These days it seems every employer in the country is conducting criminal checks. If you have been fingerprinted for a criminal charge, even if the charge was absolute or conditional discharge, withdrawn, stayed or dismissed, then there will be a red flag.
Once a red flag is there, the employer usually requires an RCMP file to see what the charge is. There have been huge delays in producing the RCMP files because of the increased demand.
Since these delays have become an issue for so many Canadians, it seems the Federal Government is trying to encourage more digital fingerprinting machines at the police stations which will speed up the process of producing RCMP reports. These RCMP reports are also needed for obtaining a Pardon.
Here is a recent article entitled “RCMP hope background checks go from months to minutes”:
OTTAWA – The federal government is offering encouragement — but no money — in a bid to get police forces across the country to buy fingerprint scanners that would speed up criminal record checks.
The government said Tuesday that coaches, volunteers and child-care workers will have access to faster, more efficient police checks through technology developed by the RCMP, which maintains a national database of criminal records.
The Canadian Press reported in April that some churches and volunteer groups had stopped screening for potential pardoned sex offenders such as former hockey coach Graham James due to newly tightened rules on police database searches.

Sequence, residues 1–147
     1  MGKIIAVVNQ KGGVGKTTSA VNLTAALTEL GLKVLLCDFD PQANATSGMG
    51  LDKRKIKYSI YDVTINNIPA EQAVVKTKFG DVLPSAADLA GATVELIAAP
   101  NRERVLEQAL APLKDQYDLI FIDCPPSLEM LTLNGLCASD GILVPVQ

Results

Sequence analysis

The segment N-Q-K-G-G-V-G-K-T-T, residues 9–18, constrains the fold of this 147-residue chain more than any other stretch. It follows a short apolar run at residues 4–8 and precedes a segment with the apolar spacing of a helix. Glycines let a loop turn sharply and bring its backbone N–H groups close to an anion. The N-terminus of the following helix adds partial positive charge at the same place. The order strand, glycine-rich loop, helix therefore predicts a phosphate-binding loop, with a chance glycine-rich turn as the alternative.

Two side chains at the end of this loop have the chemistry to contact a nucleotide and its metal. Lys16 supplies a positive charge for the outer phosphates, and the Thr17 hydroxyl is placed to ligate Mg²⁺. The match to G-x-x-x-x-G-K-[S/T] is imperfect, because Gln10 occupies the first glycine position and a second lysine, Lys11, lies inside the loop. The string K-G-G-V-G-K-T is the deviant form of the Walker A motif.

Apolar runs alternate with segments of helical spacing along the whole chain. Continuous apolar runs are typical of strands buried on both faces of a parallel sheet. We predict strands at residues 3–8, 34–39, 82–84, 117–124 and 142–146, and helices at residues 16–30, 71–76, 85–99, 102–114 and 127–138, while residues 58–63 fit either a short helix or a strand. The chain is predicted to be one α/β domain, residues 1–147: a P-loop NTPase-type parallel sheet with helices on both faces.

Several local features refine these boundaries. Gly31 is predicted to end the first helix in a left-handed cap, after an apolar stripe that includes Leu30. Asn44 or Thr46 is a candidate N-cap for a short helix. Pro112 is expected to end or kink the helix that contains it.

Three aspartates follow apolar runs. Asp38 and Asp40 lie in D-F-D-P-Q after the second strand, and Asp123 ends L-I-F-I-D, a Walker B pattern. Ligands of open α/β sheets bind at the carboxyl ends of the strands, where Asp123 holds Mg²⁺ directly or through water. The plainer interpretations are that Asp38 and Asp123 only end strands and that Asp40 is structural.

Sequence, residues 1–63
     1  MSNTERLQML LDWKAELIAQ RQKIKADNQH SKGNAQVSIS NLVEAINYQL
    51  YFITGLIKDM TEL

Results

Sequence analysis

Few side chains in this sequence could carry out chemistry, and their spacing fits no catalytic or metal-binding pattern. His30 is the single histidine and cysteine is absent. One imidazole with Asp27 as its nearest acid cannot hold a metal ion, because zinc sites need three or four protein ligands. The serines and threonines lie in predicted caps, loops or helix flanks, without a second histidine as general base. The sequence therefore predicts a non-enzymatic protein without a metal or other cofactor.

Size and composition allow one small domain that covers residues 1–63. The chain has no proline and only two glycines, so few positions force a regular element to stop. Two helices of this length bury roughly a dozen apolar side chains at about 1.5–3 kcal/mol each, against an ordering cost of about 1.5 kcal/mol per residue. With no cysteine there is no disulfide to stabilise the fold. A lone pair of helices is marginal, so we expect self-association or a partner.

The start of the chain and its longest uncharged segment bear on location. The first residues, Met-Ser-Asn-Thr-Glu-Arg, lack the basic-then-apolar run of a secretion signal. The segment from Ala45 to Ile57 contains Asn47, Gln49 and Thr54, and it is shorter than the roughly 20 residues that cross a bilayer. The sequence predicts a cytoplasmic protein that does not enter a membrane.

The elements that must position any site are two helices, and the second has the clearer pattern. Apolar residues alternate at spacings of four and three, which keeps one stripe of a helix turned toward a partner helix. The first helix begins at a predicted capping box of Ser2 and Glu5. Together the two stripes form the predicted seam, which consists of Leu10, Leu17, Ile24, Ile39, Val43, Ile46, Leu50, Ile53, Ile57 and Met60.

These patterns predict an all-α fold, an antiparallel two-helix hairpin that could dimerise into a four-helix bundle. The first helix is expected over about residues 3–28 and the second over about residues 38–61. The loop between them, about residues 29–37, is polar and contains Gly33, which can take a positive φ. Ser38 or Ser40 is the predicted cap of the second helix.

With an individual’s signed consent, police used to routinely release a record of criminal details directly and quickly to prospective employers or volunteer groups.
Now, that individual must submit fingerprints and wait several months for record details — a time lag that means employers are rejecting such applicants right off the bat.
The new fingerprint scanning machines, already in use in over 20 communities, would reduce the time needed to screen Canadians for work with children and other vulnerable people, said Public Safety Minister Vic Toews.
Last year the RCMP improved its Real Time Identification System to allow police services across the country to electronically submit fingerprints for verification.
But Toews said it’s up to provinces and local municipalities to buy the scanning machines, which cost between $5,000 and $15,000 apiece.
“Essentially this is a matter that falls within provincial jurisdiction,” Toews told a news conference at the Ottawa police station. “It’s something that the provinces and municipalities and local organizations determine that they need for their own purposes.”
“There’s no legislated requirement federally to do this. But the RCMP provides the service and we want to provide that service in a timely fashion.”
With the new technology, verification could take as little as five minutes if the person’s fingerprints do not match a criminal record or pardoned sexual offence on file.